Selling Sponsors some Pulpit Time

givemoney.gifThe post Hollywood: Turning the Christian Faith into a Marketing Gimmick continues to gain steam as people take sides on the use of marketing/art and the church.  There are a lot of strong opinions on this.  In a related post at Church Marketing Sucks, Your Church, sponsored by Crest White Strips, points to Wharton's online business journal, Knowledge@Wharton and an article last month "about the increasing amount of products and services being marketed in partnership with churches".  The article points to an opportunity for businesses to tap into a "network or "word-of-mouth" marketing, a strategy that capitalizes on social relationships to spread product information and influence purchasing…Pastors make "great connectors," adds Wharton marketing professor Christophe Van den Bulte, "because they reach a large audience once a week, and their words carry extra weight."

In the Church Marketing Sucks post, Brad Abare endorses this opportunity as he writes:

This is not about increasing revenue for the sake of money, it's about pursuing ways to expand the Kingdom of God here on earth. If Jiffy Lube wants to sponsor a sermon series about the road less traveled, imagine the exposure and curiosity that is piqued from the very people you want to be inviting to church in the first place. 

This post has attracted several comments of support and active opposition to the idea.  Brad argues that if churches became the 'cultural centers' they once were, how might that change the way businesses operate.  This is dangerous and messy stuff to think about.  Many will reject this relationship as a return to Constantinianism that failed to promote an authentic faith.

Yet, talking with many church planters, they speak about creating churches that are shaping the culture, science, art and media.  Redeemer has it's Faith & Work center and Keller often preaches that to change a culture you can't just change an accountant, you must change the accounting industry.  So should churches seek out this type of 'sponsorship' and partnerships with businesses?  I think the question we need to answer is, where is it going too far?  Churches are filled with informal networks of people marketing to one-another, but is it too far for a church to partner/endorse products or companies based on the companies values and ethical practices that are rooted in our cultural mandate?  In our culture steeped in a consumerism driven by wants, its hard to imagine this happening in a way that is anything less than really creepy for a church.  But at the end of the day if our church could influence economics, industry and business practices, I would not be opposed to it as long as it was done for the sake of the gospel.  But this is a slippery slope that I'm afraid many churches will lose their integrity within the local community as they are seen as sell outs with nothing more than commercial interests in mind.

  • Justin Buzzard

    December 12, 2006, 11:57 pm

    Good, thoughtful post Drew. I agree with you that the dangers loom larger than the opportunities.

    Did you catch Barbara Walter’s interview of Joel Osteen tonight? It was sad and further evidenced Osteen’s gospel-less teaching. I just blogged on it.

  • zac

    December 13, 2006, 7:41 am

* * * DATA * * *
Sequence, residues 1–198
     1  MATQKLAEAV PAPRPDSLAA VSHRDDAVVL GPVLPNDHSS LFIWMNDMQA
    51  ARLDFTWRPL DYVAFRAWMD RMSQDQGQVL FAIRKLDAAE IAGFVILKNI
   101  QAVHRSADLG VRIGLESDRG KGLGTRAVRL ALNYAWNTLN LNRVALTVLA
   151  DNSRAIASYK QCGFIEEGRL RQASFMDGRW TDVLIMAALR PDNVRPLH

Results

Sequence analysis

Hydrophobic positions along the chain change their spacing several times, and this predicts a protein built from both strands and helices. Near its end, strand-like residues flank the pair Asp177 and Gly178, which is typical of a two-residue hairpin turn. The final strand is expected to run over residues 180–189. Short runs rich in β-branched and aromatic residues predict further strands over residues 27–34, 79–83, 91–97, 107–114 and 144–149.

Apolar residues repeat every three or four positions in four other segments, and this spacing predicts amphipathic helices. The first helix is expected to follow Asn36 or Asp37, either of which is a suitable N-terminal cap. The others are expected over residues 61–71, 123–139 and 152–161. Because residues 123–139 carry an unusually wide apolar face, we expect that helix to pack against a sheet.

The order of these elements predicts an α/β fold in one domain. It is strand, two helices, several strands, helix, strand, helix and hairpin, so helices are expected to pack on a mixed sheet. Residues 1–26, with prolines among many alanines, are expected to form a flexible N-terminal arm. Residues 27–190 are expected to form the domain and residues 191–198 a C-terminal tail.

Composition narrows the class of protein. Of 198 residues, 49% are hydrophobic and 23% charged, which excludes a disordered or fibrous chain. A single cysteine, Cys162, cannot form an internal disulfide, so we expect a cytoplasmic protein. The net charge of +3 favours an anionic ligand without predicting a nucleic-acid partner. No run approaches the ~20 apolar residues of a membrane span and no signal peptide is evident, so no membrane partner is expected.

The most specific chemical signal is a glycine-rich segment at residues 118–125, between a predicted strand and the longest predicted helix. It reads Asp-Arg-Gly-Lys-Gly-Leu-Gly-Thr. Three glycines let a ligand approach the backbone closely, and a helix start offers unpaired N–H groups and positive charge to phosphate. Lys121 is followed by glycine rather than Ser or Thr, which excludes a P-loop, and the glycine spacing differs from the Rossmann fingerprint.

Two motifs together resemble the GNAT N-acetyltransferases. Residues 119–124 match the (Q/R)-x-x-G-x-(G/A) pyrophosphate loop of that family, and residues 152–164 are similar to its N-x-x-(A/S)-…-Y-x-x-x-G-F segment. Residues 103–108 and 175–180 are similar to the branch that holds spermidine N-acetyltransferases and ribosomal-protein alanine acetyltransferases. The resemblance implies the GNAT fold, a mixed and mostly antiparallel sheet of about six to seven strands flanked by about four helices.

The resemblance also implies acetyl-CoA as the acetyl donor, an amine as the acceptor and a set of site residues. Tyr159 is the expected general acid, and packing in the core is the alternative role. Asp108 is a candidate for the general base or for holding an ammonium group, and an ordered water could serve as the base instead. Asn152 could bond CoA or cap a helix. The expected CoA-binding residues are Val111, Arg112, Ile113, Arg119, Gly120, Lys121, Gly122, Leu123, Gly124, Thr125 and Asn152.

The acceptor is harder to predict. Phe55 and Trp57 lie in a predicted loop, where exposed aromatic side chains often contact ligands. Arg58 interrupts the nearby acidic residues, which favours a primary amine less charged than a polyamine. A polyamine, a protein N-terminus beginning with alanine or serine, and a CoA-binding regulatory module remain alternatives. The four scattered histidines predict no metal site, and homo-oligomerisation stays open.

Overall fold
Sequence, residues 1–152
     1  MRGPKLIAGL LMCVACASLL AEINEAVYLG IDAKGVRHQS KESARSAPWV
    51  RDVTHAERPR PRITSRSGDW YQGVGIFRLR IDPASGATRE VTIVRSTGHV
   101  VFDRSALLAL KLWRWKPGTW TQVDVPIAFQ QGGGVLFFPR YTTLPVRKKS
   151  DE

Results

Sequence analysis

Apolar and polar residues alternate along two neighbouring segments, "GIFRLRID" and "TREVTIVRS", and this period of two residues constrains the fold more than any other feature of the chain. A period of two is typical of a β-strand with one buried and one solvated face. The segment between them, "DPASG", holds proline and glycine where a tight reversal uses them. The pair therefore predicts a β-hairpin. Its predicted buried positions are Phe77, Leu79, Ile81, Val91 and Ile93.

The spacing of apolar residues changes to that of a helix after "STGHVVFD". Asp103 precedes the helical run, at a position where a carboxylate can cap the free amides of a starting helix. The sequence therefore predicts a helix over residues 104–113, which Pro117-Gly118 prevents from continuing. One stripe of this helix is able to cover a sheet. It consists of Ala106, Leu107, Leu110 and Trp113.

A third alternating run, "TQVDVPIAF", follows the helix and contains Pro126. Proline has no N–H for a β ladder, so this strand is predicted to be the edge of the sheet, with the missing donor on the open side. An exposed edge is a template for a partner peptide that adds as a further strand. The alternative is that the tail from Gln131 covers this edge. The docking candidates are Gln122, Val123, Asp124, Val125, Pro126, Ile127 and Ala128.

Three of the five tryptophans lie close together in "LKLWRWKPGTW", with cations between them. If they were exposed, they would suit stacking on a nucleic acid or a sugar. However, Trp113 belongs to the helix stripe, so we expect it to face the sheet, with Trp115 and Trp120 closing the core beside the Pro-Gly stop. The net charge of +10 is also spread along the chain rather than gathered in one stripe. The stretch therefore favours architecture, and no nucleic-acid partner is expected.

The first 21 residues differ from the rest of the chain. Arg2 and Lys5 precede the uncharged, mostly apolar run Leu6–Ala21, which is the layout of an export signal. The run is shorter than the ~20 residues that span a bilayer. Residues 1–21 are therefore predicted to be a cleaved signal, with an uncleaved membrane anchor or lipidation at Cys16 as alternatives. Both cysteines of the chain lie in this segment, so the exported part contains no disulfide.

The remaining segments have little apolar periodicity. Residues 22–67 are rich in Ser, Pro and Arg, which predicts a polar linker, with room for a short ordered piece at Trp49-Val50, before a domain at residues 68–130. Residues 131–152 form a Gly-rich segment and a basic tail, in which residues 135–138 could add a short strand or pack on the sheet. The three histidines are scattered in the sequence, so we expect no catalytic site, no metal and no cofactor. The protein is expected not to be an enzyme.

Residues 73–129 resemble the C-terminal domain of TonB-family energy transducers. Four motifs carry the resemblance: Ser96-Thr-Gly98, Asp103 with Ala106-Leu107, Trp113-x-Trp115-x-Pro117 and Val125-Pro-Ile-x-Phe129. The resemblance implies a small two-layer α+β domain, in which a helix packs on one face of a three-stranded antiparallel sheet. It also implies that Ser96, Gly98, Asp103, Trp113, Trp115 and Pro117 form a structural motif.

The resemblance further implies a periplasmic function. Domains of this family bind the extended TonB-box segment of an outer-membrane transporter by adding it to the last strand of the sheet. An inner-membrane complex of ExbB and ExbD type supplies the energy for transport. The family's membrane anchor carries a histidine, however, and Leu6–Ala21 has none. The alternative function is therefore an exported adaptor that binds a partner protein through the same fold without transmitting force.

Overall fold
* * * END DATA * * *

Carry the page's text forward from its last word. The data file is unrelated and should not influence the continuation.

“But at the end of the day if our church could influence economics, industry and business practices, I would not be opposed to it as long as it was done for the sake of the gospel.”

    do the tv shows influence the commercials, or is it the other way around? tv shows are just produced to keep your attention between the commercials, and that’s what would happen to church, don’t you think?

    i’d say that if anything goes any further than the underwriting that happens with pbs and npr, it’s gone way too far. even that seems really wrong, though.

  • Robert Campbell

    December 13, 2006, 12:48 pm

    Do you remember the Simpsons episode like this? It was spectacular. It was called “She of Little Faith.”

    Here’s the abstract. There is nothing new under the sun. At least these writers see how ridiculous it would be.

    Richard Gere guest stars in a Christmas episode that spawns a crisis of religious conscience in Lisa. The trouble starts whencongregants of the First Church of Springfield, faced with a sudden need for funds, turn for help to Mr. Burns (Harry Shearer), who turns the church into a business “The old church was skewing pious,” says his advisor). Enter podium-placed advertising and in-sermon commercials; and exit an outraged Lisa. Her disenchantment leads her to the Springfield Buddhist Temple and to Gere, who introduces her to teachings she finds easy to embrace. All of which has Rev. Lovejoy (also Shearer) wondering what to do about “Marge Simpson’s devil daughter.”

  • Dsnyd

    December 13, 2006, 5:34 pm

    I have had some related thoughts when I hear pastors pushing books or sermons that are for sale. It is just such an easy position to influence peoples purchasing decisions. Also reminds of a pastor I knew that got deeply involved in Amway and had all kinds of subtle and not so subtle ways to recruit in and out of the pulpit.

  • Michael Foster

    December 13, 2006, 6:39 pm

    I’d do a sermon series on the evil’s of consumerism and see who’d be up to sponsering it!

  • D. Goodmanson

    December 13, 2006, 10:35 pm

    Robert – I did see it. Good humor!
    Dsnyd, Amway and other ‘network marketing’ businesses are very dangerous in the church in my opinion. We’ve had to ask several people to stop soliciting guests. Hasn’t happened in a long while though.
    Michael – I’ll sponsor it!